Power of propagation, Ulting Wick (NGS)

I don’t remember when I first started following Philippa Burrough on Twitter. Philippa is the owner, gardener and plant magician of Ulting Wick, a beautiful garden only open in support of the charity, National Garden Scheme. I suspect our first tweets will almost certainly have been due to our mutual love of Ricinus and Aeoniums, Philippa often giving me tips on their propagation. And it’s propagation, after lots of thought, that I feel is the secret to Ulting Wick’s wonder.

Pink Cleome against the beautiful Canna ‘Bird of Paradise’ on the left.

Ulting Wick was the last of my exotic garden visits for 2018, catching it right at the end of summer. I hadn’t appreciated quite how large a garden it is, with 11 acres lovingly transformed over the last twenty years (making it the biggest NGS garden I’ve visited). Divided into various small areas including the White Garden, Pink Garden and Kitchen Garden, plus much larger meadows and nutteries.

Ricinus, Canna, Salvia, Solenostemon and more – the Old Farmyard beds are exotica at its finest.

It’s the Old Farmyard that has really stayed with me. This small space is intense, filled with stunning tropicals towering over head height – which I know were only planted out that summer. Intimate and impossibly beautiful, like stepping into a human scale jewellery box. Demonstrating what can be achieved in any small space.

Soft pink dahlias among fluffy pennisetum with their own hint of pink. Set off against the black timber barns.

As I walked around I realised Ulting Wick is not just a beautiful garden, it is one of the UK’s rarest of gems. Clever and subtle combinations of colour and shape are among the most exciting I’ve seen. I felt at Ulting Wick as though I’d walked into an important idea, Philippa’s experienced gardening mind presenting plants in a way that is important and new.

Burnt orange Helianthus and Zinnias on the left, Nicotiana on the right.

Colours are bold, yet always softened by careful toning from plant characteristics easy to miss initially. The sheen of a leaf, the shade of a stem, that change in colour made possible only through a ray of light or a shadow.

Ricinus ‘New Zealand Purple’ sets off the orange Dahlia ‘Ludwig Helfert’ flowers.

I had the opportunity to explore Ulting Wick alone, enjoying its nooks and crannies. I loved an owl sculpture perched in a hedge, and a new modern sculpture like a moving wave captured in stone. Brick and tile paths making a simple contrast to the planting.

A classic combination of Verbena bonariensis and Gaura lindheimeri creates a cloud of flower you have to brush through to reach the tropical beds.

It goes without saying the borders of Ulting Wick are exceptional, filled with colour. A lot is tropical, tender or annual which Philippa has grown herself from seed or cutting, propagating greater numbers to fill the entire garden. It’s a real feat of horticultural skill, recently helped with the extra pair of hands from head gardener Lou Nicholls.

Almost everything is grown from seed, bulb or cutting in one of two small green houses.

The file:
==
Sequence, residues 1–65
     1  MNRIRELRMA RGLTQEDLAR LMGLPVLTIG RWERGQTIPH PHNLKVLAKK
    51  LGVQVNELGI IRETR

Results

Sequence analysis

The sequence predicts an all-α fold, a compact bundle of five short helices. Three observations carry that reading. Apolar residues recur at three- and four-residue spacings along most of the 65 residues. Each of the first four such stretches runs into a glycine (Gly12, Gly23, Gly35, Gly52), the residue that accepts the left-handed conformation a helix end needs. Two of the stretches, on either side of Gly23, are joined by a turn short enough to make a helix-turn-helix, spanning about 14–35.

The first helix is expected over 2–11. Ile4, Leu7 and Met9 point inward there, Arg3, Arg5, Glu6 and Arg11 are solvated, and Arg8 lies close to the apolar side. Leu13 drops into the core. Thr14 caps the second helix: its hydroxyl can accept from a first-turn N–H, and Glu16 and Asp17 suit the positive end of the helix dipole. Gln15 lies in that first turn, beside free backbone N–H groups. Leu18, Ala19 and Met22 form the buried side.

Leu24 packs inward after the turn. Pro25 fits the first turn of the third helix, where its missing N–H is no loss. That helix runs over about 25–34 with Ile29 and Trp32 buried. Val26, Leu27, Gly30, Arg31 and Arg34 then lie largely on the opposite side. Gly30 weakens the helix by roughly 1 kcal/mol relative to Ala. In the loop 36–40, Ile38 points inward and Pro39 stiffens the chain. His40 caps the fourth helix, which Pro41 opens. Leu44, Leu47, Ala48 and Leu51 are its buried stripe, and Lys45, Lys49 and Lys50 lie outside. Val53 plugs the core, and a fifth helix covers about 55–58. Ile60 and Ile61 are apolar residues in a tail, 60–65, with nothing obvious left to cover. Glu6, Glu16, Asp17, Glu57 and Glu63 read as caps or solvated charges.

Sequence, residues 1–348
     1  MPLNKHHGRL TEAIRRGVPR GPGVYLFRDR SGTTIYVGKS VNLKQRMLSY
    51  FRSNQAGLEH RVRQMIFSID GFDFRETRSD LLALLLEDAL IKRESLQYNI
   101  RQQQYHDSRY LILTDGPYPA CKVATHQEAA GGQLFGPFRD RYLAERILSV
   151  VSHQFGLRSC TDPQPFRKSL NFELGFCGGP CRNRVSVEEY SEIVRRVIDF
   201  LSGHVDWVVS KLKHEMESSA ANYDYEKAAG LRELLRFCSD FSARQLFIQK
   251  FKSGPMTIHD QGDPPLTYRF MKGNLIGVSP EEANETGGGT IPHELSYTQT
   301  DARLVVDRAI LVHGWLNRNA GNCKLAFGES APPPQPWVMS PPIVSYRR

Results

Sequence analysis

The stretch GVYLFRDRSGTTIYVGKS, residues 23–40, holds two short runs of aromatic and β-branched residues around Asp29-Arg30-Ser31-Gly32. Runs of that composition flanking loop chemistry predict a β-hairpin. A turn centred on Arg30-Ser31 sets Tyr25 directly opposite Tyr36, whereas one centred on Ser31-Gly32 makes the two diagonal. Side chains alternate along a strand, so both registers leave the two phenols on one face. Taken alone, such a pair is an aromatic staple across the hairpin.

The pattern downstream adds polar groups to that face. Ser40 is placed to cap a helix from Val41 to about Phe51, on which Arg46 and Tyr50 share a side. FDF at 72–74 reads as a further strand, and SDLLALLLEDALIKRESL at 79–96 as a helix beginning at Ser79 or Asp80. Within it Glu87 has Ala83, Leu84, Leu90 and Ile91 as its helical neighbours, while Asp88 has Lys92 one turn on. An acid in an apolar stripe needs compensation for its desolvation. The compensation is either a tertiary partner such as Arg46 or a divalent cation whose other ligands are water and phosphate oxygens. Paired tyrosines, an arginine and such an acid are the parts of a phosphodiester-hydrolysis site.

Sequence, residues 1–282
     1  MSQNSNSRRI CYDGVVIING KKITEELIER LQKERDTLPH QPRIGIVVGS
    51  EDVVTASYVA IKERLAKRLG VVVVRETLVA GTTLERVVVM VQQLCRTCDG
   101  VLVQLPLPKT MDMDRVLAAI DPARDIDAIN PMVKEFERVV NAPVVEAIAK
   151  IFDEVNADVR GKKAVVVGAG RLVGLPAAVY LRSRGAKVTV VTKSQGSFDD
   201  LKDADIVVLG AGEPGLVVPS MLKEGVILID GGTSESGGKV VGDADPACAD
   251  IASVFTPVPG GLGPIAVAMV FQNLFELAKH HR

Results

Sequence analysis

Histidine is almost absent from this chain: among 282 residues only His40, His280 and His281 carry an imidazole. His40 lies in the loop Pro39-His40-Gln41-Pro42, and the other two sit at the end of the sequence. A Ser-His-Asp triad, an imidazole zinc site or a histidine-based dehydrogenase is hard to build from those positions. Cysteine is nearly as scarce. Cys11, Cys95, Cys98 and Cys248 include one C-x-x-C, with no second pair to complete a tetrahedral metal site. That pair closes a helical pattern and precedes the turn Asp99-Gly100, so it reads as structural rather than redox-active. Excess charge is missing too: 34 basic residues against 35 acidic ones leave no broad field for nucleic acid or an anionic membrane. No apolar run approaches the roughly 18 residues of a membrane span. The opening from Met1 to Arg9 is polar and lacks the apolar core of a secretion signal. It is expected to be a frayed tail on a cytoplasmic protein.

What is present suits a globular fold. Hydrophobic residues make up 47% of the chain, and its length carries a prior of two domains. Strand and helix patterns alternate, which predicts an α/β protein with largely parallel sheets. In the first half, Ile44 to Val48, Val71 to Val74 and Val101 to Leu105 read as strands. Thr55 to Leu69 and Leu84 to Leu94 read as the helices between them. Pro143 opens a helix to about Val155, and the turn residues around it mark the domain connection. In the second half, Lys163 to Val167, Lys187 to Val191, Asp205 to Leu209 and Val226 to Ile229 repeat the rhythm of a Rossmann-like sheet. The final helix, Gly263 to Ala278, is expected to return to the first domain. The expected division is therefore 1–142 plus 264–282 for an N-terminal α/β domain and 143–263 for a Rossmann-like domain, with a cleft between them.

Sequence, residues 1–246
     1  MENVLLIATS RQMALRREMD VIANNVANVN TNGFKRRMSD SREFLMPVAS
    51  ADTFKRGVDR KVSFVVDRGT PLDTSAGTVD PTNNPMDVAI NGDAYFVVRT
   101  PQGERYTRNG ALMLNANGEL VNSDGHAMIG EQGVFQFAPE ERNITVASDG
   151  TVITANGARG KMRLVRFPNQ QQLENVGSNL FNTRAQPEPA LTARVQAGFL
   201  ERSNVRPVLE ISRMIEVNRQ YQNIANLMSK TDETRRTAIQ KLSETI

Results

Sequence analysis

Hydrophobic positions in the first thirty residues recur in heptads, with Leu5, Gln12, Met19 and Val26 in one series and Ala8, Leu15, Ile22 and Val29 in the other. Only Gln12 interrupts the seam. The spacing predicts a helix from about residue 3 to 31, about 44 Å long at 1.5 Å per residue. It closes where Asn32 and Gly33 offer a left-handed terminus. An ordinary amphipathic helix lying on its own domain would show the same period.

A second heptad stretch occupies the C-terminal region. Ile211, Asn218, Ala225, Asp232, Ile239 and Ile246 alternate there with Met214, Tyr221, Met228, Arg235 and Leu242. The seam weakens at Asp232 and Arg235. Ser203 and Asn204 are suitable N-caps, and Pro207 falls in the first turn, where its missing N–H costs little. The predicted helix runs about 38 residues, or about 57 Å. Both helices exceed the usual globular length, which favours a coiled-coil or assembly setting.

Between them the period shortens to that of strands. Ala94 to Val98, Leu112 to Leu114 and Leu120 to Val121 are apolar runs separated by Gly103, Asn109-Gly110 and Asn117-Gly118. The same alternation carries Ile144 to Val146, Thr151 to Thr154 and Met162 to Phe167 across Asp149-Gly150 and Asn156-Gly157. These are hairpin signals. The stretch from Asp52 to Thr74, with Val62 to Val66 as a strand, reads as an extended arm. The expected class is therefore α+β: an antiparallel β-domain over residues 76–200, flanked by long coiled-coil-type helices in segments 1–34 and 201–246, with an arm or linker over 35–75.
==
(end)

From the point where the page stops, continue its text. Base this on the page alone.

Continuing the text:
Philippa has been propagating plants for many years and knows them from seedling to flower, combining plants at different points in their growth cycle. Everything is grown in two modest green houses (one above) which I feel is an important lesson. With some canny planning and somewhere to grow stuff from seed, from a small propagation space it is possible to fill acres of garden quickly in one season.

Beyond the borders, I found Ulting Wick’s kitchen garden really interesting. I loved the fact it was in the middle of various ornamental flower areas and treated with as much visual prowess.

A squash and gourd walk
Onions drying in the sunshine in front of rhubarb forcing jars.
Apples and asparagus a delicious combination!
Miscanthus doing what it does best in the sunlight
Around every corner is another border filled with colourful and unusual plants

While we were walking around Ulting Wick, Philippa mentioned certain areas, including the front door pots, drew inspiration from Great Dixter. I can see the influence, however I can also say that Ulting Wick is something quite different. Connecting them is a gardener in the purest sense, someone who knows plants; how to propagate, how to grow them perfectly and how to design with them instinctively. But as no person is the same, the resulting garden is as individual as the person who created it.

Ulting Wick is open on specific dates throughout the year for the National Garden Scheme in 2019. Keep an eye on its page for new dates and do visit for tulips in spring and then exotics in summer. 

3 thoughts on “Power of propagation, Ulting Wick (NGS)

  1. The photos were great, I zoom in and get to see them in detail, it’s like a Saturday morning tour, thank you.
    1) do you have a photo of that owl you mentioned please?
    2) I’ve seen 26 gardens here in the states, now I want to start in England. I subscribe to The English Garden, so I have some ideas, I assume Kew is a must see? I wanna see this one as well. I’ve written them asking to tell me when in summer I can get there AND how to get there from Heathrow.
    3) I know you and Chris are uber busy but I hope to meet you guys and see your garden too, I followed it since seeing it on t.v.with Monte. Is there any chance the 3 of us can go see some gardens together?
    4) Denver Botanical Garden is 4 hours north of here, and the SantaFe/Albuquerque gardens are 3 hours south of here. But if you guys come out West here, you’re welcome to stay with us, I can drive you to these places.

    1. Always, one day I’ll do a blog all about you! Whether you like it or not 😀 shame to miss you too xxx

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